(Bloomberg) — Iron ore extended its rout as BHP Group warned it sees an increasing likelihood of “stern cuts” to China’s steel output this year.
The prospect of much lower steel production in the second-half is “testing the bullish resolve of the futures markets,” BHP wrote in a commodities outlook report on its website. Iron ore in Singapore has plunged by a third since spiking to an all-time high in May.
China’s steel industry is under pressure after pledging to reduce output this year, a goal that requires huge second-half curbs to offset booming output earlier in 2021. Production in July was more than 8% lower year-on-year, data on Monday showed.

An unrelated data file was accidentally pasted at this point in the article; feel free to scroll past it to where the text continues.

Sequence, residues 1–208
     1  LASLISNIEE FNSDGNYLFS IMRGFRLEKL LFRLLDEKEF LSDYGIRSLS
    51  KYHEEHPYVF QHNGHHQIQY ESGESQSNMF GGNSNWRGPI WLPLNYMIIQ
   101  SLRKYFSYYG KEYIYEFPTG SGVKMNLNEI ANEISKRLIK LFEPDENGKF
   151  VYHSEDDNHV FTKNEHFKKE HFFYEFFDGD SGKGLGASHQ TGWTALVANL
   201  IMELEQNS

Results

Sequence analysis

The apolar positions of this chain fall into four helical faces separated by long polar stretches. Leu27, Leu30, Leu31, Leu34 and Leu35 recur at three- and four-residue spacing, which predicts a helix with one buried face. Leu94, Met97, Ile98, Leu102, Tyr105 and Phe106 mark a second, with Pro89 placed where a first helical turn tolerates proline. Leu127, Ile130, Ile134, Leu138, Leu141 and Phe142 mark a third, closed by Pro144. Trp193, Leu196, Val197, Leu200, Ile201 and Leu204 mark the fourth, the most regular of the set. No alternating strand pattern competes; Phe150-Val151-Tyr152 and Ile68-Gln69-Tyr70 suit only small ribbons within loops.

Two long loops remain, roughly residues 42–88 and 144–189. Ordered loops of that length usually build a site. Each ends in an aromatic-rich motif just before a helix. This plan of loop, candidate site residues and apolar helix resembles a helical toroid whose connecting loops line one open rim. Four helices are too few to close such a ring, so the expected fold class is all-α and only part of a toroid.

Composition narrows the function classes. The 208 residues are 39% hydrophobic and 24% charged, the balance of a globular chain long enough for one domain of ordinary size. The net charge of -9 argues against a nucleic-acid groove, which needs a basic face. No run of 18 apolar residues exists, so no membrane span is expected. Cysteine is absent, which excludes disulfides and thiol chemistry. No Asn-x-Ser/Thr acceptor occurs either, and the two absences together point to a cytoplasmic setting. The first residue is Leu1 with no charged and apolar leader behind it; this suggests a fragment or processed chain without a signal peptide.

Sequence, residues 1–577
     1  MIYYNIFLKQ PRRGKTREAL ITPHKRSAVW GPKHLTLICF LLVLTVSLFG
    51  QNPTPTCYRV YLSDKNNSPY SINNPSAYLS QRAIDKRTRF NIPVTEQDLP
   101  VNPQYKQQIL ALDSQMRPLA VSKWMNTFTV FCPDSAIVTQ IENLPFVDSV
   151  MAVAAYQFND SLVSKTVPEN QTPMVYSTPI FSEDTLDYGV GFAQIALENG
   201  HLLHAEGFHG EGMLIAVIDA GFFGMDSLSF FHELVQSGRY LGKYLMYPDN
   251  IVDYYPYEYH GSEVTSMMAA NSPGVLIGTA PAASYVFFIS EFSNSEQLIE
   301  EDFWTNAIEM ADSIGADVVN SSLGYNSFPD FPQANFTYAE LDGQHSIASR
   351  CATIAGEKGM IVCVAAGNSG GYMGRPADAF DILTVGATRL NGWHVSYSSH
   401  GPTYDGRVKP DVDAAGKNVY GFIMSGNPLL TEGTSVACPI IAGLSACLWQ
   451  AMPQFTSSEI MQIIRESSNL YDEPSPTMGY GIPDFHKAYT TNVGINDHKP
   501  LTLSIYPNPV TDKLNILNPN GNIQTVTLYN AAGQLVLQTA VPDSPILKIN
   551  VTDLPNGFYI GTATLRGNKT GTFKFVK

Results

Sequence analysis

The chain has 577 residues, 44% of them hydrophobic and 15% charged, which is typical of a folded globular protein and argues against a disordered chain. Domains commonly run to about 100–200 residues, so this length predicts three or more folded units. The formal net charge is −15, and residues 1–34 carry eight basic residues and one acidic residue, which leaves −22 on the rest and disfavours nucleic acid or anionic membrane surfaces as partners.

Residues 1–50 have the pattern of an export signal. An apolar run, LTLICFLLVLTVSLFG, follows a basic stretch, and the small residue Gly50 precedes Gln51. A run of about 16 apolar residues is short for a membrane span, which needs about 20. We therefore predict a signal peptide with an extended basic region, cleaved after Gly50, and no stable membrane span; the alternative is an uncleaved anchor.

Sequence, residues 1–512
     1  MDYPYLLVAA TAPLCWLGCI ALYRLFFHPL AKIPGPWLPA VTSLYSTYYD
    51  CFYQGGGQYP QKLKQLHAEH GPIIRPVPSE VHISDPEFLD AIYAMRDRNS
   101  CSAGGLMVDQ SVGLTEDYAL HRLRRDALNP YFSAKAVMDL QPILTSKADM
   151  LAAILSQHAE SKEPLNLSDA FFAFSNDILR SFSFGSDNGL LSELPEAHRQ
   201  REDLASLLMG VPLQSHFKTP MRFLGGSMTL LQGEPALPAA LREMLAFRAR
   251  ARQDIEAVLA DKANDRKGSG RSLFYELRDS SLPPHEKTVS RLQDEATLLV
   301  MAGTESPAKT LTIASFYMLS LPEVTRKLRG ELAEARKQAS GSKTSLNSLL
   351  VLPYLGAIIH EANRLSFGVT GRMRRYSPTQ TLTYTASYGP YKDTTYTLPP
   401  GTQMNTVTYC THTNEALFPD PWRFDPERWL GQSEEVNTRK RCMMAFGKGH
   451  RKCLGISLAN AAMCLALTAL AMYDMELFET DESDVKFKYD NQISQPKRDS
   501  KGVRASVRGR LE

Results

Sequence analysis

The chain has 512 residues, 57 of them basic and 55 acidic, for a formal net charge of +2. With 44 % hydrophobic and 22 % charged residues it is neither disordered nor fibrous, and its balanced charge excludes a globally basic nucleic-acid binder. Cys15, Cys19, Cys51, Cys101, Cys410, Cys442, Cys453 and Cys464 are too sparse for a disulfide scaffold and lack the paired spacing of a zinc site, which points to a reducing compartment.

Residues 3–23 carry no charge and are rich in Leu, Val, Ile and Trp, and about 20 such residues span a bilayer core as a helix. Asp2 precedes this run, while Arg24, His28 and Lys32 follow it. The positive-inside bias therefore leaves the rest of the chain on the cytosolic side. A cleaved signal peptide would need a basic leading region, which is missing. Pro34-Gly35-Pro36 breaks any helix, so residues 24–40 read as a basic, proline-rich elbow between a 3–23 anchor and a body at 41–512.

Futures in Singapore fell 6.5% to $147.95 a ton by 6:49 p.m. local time, and were heading for a fifth weekly loss. In China, futures dropped 2.5% to close at the lowest level since November.
While investor attention is very focused on China’s output curbs in the second half, the nation’s demand trends will also be critical. Beijing is pushing a range of measures to control the property sector, which accounts for big chunk of steel usage and has traditionally helped drive surges in iron ore prices.
“Policymakers are clearly concerned about over-investment and concentrated credit risk in the property sector,” Commonwealth Bank of Australia wrote in an emailed note. And even if China swings to more pro-growth policies to battle recent weakness, “there’s a good chance that the property sector is left out”.
Shanghai steel futures also dropped, with hot-rolled coil down 3.3% and rebar down 3.8%.
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